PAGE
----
In DepthParticle Physics

Leaks put Italy's underground lab in jeopardy

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Science  12 Oct 2018:
Vol. 362, Issue 6411, pp. 138-139
DOI: 10.1126/science.362.6411.138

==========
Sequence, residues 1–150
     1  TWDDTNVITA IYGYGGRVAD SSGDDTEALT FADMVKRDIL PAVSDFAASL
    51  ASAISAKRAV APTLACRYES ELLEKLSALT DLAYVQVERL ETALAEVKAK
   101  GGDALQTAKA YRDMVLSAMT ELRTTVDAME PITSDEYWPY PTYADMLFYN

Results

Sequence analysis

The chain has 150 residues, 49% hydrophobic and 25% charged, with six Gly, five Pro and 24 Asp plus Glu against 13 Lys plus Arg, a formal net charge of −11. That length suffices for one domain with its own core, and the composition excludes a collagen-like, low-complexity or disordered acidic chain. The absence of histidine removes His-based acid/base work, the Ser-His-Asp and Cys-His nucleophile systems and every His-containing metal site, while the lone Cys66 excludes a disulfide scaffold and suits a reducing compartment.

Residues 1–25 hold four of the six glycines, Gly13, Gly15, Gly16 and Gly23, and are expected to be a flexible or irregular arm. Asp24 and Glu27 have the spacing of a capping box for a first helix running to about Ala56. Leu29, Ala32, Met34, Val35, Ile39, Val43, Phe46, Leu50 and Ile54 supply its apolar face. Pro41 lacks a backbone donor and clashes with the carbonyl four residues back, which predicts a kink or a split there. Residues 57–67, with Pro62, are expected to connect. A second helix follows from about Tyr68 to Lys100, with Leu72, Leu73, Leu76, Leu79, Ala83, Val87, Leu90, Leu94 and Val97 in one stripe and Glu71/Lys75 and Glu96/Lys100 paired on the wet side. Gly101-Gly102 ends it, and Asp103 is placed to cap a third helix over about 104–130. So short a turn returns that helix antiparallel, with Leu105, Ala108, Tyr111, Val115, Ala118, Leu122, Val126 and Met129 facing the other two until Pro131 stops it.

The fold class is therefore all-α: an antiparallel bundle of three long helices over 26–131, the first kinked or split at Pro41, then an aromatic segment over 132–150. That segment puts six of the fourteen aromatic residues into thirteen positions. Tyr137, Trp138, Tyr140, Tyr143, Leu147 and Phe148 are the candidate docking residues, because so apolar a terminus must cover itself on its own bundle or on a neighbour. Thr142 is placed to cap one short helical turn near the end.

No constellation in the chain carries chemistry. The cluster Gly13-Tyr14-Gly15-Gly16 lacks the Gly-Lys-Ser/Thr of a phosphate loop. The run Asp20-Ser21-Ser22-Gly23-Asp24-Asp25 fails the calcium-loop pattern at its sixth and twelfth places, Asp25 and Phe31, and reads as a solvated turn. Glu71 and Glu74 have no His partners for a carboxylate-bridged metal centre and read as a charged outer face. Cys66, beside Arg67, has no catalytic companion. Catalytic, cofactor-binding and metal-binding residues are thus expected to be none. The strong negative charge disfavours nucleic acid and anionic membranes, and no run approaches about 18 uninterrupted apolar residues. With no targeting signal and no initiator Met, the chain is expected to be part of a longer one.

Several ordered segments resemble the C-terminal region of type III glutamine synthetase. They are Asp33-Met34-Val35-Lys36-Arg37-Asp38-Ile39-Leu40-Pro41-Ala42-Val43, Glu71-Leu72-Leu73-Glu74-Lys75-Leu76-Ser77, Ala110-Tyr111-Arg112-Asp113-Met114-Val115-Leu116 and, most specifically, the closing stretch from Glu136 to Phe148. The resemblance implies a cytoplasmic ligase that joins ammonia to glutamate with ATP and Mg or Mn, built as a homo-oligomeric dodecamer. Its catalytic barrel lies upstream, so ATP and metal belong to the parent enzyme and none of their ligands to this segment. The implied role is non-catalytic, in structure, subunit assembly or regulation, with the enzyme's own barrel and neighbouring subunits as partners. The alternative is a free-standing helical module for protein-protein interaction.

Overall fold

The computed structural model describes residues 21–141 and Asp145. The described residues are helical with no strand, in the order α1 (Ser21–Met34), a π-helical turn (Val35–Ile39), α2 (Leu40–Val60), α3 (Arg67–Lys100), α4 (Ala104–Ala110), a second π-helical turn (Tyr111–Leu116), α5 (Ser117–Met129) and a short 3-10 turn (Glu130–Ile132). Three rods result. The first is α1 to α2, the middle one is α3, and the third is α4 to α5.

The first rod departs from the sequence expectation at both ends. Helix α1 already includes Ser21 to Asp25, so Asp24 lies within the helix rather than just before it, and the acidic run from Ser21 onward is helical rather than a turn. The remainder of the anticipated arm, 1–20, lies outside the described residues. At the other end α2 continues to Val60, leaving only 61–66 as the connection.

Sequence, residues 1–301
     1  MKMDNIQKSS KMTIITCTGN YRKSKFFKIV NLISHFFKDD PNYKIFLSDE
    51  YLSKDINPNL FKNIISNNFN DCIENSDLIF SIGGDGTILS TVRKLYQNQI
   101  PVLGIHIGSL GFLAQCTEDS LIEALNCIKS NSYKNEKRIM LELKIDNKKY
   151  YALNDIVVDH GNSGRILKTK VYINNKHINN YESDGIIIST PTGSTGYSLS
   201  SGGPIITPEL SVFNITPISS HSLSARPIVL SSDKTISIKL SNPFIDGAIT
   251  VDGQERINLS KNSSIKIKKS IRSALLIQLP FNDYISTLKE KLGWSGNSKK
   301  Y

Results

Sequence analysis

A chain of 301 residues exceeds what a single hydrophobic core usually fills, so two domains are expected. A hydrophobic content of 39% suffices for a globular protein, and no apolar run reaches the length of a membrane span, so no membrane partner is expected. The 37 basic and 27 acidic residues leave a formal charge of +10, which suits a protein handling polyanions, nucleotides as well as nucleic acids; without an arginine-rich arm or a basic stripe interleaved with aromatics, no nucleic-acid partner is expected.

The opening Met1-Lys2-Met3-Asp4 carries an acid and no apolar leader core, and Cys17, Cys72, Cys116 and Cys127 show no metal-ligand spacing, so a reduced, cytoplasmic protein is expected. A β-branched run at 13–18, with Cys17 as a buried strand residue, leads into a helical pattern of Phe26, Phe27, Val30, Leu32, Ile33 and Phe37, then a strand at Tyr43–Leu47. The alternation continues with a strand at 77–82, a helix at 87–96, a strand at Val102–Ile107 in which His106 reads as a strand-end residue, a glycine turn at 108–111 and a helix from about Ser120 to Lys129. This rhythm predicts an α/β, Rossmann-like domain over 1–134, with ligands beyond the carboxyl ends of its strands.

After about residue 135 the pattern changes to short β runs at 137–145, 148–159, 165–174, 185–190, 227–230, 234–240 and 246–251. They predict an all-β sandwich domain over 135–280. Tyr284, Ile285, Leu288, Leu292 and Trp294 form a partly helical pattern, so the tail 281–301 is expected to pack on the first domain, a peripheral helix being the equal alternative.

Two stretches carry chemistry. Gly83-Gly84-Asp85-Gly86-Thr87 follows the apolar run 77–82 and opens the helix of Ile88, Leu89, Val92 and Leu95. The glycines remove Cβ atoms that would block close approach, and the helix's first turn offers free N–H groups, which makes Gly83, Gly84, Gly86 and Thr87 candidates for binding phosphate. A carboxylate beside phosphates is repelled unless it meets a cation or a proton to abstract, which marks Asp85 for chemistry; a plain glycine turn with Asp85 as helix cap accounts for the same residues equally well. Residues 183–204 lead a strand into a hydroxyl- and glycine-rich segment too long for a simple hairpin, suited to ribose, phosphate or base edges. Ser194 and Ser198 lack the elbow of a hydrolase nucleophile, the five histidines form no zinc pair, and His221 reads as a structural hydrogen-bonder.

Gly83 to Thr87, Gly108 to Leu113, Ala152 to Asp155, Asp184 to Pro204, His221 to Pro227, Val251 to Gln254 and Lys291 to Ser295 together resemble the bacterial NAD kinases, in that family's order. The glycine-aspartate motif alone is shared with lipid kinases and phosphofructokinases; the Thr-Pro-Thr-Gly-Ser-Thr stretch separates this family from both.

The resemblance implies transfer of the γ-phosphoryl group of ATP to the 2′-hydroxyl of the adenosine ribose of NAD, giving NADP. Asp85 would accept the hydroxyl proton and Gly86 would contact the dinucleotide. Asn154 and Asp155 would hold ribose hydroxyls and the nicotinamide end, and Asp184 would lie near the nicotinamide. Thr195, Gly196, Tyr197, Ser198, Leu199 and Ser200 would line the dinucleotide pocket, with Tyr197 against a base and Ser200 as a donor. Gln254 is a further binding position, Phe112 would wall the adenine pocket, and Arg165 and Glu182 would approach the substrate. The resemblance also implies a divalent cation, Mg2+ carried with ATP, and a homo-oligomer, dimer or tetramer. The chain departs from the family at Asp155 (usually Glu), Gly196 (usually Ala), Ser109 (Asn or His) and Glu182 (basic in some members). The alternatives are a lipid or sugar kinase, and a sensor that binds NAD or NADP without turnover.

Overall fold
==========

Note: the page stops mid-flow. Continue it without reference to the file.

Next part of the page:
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Scientists fear for the future of Gran Sasso National Laboratory, a world-leading underground physics lab in central Italy, after prosecutors charged four lab leaders with endangering drinking water supplies. Sparked by a number of accidental spills that released small amounts of toxic chemicals into groundwater feeding a local aqueduct, the 28 September legal action could lead to at least two major Gran Sasso experiments being shut down. The largest facility of its kind, Gran Sasso consists of three huge experimental halls carved out of a mountain next to a motorway tunnel that connects the cities of L'Aquila and Teramo in Italy's Abruzzo region. Sheltered from cosmic rays by 1400 meters of rock, the lab draws physicists from around the world to probe neutrinos, search for dark matter, and study other rare subatomic phenomena. But it has also attracted the ire of environmentalists. Some of the experiments rely on large tanks of organic compounds to detect subatomic particles, and critics worry that leaks could contaminate the surrounding mountain aquifer, which provides drinking water to hundreds of thousands of people.